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N. R. Hall, D. Branch, E. Baron (The University of Oklahoma)
The photometric diversity among Type Ia supernovae (SNe Ia) is partly a result of differences in fundamental explosion properties such as the mass of freshly synthesized radioactive nickel, which controls the brightness and temperature, and partly a result of differences in the spectral features. Near maximum light the spectral features form in the outer layers of the ejecta and therefore may differ even for two events that have the same nickel mass and bolometric luminosity. The quantitative effects of spectral lines on magnitudes and colors are considered. Fits to observed SN Ia spectra obtained with the parameterized supernova synthetic-spectrum code SYNOW are used in an attempt to isolate the effects of the spectral features on UBVRI magnitudes and colors. For example, the effects of the evolution of the spectral features on the Phillips light-curve decline-rate parameter are estimated, these effects are removed from the observed decline-rate parameters, and the resulting "line--free" photometric behavior of SNe Ia is investigated. This sort of analysis may prove to be useful in advancing our physical understanding of SNe Ia, and improving their effectiveness as distance indicators.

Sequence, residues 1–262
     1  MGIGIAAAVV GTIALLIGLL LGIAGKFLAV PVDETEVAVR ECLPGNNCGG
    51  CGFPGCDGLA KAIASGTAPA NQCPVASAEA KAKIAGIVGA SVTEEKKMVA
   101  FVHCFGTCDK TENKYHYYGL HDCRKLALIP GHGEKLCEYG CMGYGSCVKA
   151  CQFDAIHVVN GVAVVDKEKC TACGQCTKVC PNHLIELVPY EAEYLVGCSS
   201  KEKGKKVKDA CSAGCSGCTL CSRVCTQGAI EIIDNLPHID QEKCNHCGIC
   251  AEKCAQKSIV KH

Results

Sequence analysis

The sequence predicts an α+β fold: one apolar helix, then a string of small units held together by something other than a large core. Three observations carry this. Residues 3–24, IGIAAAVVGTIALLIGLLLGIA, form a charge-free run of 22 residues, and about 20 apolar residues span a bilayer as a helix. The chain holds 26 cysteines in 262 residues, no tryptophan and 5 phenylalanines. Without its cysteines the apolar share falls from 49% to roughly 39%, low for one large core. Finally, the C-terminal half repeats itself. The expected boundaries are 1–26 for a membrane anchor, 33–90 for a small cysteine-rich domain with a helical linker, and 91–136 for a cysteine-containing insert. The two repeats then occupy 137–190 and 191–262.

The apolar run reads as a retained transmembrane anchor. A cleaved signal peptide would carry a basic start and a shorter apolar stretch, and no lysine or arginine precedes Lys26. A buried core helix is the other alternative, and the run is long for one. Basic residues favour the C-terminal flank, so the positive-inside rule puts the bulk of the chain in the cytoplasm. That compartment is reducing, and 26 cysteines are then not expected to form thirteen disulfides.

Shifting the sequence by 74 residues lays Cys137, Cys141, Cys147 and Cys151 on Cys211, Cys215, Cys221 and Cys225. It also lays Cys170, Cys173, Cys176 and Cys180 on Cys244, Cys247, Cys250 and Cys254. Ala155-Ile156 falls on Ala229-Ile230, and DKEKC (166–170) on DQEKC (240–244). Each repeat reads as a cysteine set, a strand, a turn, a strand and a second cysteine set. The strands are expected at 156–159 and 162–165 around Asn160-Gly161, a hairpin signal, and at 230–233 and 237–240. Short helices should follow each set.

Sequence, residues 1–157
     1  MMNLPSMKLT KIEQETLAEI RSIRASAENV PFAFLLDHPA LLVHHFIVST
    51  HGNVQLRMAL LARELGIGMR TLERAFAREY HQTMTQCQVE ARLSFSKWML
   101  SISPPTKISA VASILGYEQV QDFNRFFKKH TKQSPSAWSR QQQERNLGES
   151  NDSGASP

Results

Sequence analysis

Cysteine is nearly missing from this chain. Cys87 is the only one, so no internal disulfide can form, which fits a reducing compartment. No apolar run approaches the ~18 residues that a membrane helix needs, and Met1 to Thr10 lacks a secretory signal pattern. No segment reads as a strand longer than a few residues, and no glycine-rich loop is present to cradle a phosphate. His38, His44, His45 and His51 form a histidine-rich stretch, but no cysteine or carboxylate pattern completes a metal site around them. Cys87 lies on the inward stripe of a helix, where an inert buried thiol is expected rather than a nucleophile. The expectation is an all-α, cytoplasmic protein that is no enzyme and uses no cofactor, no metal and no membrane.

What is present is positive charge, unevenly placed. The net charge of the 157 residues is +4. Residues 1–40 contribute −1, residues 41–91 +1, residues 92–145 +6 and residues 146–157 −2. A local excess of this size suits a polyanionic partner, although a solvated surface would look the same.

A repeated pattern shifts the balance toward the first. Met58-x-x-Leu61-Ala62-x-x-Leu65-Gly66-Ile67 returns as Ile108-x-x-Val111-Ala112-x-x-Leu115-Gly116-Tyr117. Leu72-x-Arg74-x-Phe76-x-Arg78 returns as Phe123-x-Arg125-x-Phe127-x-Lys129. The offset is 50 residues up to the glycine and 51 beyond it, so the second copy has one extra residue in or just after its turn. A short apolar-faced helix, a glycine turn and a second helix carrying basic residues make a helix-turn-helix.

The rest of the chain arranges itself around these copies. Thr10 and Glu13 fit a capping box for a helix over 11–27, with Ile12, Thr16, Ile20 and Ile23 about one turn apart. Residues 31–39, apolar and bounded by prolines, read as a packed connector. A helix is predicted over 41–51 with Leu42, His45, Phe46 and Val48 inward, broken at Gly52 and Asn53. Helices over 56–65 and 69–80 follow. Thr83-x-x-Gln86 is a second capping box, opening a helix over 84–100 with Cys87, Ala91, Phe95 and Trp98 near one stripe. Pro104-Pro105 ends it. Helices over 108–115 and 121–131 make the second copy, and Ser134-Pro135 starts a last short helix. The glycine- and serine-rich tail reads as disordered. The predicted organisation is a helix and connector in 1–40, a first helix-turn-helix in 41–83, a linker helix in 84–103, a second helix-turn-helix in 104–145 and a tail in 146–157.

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Bulletin of the American Astronomical Society, 37 #4
© 2005. The American Astronomical Soceity.